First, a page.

Tom also posted a link about the American Library Association’s annual meeting, which was the first major event to be held in New Orleans since the flood. The report is written by a comics/pop culture site, but the content isn’t geek-specific.
The Airbus problems I mentioned two weeks ago have gotten worse. According to this BizWeek article and this followup news item, executives at Airbus and EADS, its parent company, are getting the axe due to utter incompetence in keeping on top of the A380’s production.
[Airbus sales exec John] Leahy says that until this spring, managers on the plant floor downplayed the problem. “If you asked any one department, they’d say, ‘I’m a little bit behind, but we’re going to catch up,'” he says. But Airbus executives were concerned enough to ask the consulting firm of McKinsey & Co. in April to examine the problem. It was McKinsey’s report, in early June, that triggered the EADS announcement.
Yet others say the situation is no surprise, because Airbus’s corporate culture openly discourages employees from alerting managers to potential problems. “If you tell them bad news, they simply don’t listen,” says Andrew Walker, a former top engineer at the factory in Broughton, Wales, where the A380’s wings are built. “No one dares tell a high executive that something isn’t possible, because he risks losing his job,” says a local union leader at the Toulouse factory who asked for anonymity.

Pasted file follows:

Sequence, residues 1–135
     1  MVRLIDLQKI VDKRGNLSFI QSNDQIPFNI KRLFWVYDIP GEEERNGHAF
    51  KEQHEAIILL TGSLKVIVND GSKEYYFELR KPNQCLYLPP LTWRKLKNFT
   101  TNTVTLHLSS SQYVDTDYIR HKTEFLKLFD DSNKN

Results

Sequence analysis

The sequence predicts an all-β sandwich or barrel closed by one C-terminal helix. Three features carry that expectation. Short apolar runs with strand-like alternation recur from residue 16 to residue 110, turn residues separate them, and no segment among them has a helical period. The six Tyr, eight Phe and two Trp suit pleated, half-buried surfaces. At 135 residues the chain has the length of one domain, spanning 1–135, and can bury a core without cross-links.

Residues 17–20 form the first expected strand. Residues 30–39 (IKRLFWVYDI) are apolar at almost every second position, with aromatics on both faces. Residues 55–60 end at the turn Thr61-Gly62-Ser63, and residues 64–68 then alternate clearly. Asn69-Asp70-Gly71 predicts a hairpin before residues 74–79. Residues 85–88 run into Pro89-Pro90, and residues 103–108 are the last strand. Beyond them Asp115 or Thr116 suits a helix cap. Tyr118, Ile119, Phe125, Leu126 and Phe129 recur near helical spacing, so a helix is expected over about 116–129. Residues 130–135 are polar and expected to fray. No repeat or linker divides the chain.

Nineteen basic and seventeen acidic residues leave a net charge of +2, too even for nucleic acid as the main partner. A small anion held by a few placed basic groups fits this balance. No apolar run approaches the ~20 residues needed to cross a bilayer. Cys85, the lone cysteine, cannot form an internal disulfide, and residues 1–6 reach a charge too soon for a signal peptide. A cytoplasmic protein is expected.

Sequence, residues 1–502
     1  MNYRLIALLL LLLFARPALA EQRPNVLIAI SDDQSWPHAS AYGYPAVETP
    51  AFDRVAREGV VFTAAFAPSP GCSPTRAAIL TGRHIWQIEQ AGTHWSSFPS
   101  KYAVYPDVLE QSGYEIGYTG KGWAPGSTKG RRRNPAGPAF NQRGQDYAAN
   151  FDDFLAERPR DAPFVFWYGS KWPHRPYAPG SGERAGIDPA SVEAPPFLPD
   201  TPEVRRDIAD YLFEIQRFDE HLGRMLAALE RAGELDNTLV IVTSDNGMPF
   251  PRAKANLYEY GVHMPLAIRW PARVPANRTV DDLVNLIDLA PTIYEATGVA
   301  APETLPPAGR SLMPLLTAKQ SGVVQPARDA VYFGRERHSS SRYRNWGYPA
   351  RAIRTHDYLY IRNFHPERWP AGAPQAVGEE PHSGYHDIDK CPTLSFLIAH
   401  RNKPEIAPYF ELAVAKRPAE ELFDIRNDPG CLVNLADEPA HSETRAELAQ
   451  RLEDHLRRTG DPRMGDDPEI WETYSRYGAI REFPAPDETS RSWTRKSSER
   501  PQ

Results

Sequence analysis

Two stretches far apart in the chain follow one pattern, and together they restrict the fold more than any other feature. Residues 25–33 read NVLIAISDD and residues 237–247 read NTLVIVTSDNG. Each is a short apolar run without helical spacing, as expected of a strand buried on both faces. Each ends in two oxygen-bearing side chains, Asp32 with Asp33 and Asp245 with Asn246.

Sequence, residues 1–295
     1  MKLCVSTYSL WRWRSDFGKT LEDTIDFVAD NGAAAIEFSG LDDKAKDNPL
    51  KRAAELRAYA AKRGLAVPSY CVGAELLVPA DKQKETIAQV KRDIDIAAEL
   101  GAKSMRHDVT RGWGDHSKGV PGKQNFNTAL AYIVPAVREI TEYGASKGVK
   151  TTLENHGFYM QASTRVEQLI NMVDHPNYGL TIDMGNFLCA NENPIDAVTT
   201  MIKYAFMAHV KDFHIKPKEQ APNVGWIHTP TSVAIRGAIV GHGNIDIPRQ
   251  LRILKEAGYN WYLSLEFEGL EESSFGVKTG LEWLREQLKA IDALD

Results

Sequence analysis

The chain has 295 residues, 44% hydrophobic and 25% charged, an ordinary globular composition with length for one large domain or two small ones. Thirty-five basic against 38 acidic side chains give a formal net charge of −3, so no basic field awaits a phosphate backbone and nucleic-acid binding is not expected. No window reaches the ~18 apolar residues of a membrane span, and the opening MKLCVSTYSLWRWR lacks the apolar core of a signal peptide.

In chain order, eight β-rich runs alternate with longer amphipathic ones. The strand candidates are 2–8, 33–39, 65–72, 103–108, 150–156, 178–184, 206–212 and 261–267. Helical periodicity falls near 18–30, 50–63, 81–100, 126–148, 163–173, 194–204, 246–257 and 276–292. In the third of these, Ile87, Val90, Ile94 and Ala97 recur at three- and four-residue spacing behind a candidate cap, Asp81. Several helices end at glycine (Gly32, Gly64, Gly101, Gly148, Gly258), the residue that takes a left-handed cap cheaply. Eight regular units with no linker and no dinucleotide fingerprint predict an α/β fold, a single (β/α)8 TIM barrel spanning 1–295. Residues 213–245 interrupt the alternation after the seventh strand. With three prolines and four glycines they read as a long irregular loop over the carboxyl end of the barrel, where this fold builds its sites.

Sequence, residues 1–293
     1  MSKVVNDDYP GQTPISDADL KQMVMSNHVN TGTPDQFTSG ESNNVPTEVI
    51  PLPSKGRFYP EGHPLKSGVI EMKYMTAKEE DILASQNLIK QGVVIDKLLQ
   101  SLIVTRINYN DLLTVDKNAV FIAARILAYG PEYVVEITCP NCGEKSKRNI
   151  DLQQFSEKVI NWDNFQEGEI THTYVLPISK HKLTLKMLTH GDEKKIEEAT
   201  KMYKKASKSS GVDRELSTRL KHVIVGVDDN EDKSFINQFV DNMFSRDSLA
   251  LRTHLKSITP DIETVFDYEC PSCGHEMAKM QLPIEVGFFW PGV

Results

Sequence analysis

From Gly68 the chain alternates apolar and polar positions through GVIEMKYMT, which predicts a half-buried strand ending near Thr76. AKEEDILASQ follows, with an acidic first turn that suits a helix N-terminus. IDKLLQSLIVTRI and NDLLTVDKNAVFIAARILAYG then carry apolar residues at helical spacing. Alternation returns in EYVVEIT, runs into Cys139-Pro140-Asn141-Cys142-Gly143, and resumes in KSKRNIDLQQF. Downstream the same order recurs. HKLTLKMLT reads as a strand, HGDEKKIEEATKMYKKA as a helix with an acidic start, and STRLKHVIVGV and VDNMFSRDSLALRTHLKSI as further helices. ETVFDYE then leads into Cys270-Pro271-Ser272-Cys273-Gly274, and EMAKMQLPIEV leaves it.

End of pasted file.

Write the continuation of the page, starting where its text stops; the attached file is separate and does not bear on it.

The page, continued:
That fear could explain why Airbus failed to grasp the severity of the problem sooner, even though the company had similar problems in the 1990s with long-range versions of its A340 aircraft.
Make mine Boeing.
One of my favorite posts ever is actually a From the Editor column from my magazine about my enjoyment of failure.
This week, BW has a neat article called How Failure Breeds Success, on how corporations can learn from their mistakes, particularly with product launches gone awry.
Intuit Inc. [. . .] recently celebrated an adventurous marketing campaign that failed. The company had never targeted young tax filers before, and in early 2005 it tried to reach them through an ill-fated attempt to combine tax-filing drudgery with hip-hop style. Through a Web site called RockYourRefund.com, Intuit offered young people discounts to travel site Expedia Inc. and retailer Best Buy Co. and the ability to deposit tax refunds directly into prepaid Visa cards issued by hip-hop mogul Russell Simmons.